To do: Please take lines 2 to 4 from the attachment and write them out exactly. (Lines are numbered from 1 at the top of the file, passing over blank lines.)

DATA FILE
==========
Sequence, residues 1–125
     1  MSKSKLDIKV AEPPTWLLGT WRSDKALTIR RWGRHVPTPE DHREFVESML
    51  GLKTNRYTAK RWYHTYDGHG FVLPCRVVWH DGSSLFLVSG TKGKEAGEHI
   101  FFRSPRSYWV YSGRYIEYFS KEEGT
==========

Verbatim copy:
     1  MSKSKLDIKV AEPPTWLLGT WRSDKALTIR RWGRHVPTPE DHREFVESML
    51  GLKTNRYTAK RWYHTYDGHG FVLPCRVVWH DGSSLFLVSG TKGKEAGEHI
   101  FFRSPRSYWV YSGRYIEYFS KEEGT